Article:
As a school official, one has the ethical responsibility to file reports related to his or her position with the highest degree of accuracy possible. However, for Monise Princilus – a former human resources director for a public school system in New Jersey – doing this fundamental part of her job may have resulted in her wrongful termination.
According to an article published by the Philadelphia Inquirer, before Princilus took her position, no had been monitoring the attendance record of the school system's superintendent Bessie LeFra Young.
When Princilus stepped into the position, she noticed that Young has missed an abnormal volume of days, missing a reported 186 days of work within only 18 months.
After discovering this discrepancy, Princilus alleges that she was instructed by Young to generate false documents to cover up the fact that Young had missed such an unacceptably high number of work days in such a short period of time.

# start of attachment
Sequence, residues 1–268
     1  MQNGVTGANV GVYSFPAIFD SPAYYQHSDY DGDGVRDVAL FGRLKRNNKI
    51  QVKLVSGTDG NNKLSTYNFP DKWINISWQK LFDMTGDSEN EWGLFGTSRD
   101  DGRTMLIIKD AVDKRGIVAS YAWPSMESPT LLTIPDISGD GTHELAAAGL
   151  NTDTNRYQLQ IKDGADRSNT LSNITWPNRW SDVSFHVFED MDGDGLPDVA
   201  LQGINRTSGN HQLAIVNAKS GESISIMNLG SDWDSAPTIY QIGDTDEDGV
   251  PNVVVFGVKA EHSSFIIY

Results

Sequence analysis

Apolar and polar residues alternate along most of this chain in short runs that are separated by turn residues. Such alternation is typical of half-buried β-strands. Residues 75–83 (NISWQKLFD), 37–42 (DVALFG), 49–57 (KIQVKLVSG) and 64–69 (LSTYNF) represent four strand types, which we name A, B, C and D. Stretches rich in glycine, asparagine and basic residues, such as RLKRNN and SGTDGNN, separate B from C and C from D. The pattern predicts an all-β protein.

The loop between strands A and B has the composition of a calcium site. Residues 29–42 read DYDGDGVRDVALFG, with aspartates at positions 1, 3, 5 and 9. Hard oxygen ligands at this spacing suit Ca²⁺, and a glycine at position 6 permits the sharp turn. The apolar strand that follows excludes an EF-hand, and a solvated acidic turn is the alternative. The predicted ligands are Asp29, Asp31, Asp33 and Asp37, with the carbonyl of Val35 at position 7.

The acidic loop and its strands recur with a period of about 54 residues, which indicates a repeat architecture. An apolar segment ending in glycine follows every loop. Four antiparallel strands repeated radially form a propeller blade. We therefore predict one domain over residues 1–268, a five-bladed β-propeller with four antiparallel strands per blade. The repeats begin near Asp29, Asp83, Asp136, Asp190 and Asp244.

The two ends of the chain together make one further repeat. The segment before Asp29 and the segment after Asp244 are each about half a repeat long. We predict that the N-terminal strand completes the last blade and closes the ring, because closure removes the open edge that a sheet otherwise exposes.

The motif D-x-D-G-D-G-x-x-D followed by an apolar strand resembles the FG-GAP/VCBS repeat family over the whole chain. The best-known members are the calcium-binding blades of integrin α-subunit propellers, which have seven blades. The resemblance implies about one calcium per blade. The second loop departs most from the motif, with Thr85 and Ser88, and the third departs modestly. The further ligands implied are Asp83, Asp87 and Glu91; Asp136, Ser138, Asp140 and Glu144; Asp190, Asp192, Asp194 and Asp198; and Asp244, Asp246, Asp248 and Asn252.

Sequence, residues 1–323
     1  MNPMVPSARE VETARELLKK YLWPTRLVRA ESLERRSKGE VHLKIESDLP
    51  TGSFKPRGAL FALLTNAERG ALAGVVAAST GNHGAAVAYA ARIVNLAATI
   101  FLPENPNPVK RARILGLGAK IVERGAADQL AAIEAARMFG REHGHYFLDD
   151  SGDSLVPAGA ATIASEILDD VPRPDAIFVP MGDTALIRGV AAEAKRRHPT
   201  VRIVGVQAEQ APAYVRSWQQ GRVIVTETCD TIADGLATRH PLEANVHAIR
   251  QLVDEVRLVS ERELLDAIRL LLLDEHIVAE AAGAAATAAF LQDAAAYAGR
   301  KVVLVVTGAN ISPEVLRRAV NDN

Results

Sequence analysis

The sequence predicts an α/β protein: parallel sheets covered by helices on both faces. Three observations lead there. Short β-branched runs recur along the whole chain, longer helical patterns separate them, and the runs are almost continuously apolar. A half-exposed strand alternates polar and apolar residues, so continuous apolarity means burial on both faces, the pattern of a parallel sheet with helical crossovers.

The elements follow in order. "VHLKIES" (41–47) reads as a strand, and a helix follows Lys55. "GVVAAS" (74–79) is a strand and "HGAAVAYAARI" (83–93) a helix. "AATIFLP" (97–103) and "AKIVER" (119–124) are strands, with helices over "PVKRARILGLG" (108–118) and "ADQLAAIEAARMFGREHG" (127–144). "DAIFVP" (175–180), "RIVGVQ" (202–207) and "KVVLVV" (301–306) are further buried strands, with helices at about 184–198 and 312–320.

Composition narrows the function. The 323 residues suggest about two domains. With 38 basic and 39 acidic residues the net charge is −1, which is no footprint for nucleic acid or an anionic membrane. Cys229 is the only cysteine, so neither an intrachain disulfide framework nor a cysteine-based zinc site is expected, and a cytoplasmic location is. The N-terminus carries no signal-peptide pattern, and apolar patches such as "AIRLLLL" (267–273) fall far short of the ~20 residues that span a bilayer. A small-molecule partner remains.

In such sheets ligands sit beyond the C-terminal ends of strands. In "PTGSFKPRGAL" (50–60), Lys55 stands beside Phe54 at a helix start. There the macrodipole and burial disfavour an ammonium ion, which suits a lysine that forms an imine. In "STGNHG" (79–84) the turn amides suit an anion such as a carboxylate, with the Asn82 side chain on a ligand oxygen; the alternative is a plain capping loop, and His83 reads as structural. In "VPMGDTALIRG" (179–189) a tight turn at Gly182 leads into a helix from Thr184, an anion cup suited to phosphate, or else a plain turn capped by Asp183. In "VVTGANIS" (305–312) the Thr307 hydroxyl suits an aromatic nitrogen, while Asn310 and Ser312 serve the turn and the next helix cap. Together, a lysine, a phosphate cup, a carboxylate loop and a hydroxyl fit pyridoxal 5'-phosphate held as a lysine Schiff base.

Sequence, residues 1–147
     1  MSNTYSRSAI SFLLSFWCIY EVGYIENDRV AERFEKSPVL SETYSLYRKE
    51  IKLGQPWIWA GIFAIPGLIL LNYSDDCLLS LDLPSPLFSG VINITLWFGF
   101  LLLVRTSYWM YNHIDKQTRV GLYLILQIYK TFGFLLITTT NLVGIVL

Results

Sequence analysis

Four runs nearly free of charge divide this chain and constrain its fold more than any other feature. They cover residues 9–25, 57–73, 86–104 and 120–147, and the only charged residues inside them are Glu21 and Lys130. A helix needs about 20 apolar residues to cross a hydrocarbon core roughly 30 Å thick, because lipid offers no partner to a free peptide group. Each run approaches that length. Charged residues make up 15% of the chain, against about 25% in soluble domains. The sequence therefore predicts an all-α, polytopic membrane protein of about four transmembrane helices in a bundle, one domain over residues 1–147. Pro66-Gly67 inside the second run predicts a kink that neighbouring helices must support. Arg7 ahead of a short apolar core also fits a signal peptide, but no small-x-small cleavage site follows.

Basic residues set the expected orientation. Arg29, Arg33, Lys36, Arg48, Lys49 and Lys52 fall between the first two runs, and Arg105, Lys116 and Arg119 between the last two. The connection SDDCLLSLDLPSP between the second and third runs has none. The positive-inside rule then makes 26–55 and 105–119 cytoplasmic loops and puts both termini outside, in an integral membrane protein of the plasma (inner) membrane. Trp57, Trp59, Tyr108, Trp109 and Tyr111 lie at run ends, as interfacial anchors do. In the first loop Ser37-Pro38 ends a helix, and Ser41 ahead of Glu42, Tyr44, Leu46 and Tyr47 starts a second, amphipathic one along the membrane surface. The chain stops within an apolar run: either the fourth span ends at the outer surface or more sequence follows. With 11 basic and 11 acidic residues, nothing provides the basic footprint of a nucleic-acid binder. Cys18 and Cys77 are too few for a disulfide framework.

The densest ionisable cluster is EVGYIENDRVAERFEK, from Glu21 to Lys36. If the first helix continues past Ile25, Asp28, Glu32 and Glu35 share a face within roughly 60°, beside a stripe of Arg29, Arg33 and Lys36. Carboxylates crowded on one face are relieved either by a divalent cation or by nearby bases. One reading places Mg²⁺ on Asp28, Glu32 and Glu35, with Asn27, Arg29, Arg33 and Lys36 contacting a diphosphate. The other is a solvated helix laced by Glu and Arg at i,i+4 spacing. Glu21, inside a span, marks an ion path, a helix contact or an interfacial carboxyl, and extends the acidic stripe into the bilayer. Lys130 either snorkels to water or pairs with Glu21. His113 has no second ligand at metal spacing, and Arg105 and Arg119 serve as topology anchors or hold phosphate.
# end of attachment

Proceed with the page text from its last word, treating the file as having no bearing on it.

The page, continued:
Additionally, at a similar time, the school board was under scrutiny from the Quality Single Accountability Continuum (QSAC) – an educational monitoring organization – for performance issues.
According to the article, the school board had intended to give itself overly-positive reviews on the QSAC self-review process. However, state officials conducted their own assessment and found the self-review to have been inflated across the board. Princilus alleges that she was terminated so that she could not attend a meeting with the officials and express a negative perspective on the region's academic performance.
Should citizens in Missouri find themselves in a situation similar to Princilus' in which they feel they've been wrongfully terminated for refusing to engage in illegal or unethical behavior, they can turn to Kansas City employment discrimination lawyers for a free consultation to determine whether they have grounds for a lawsuit.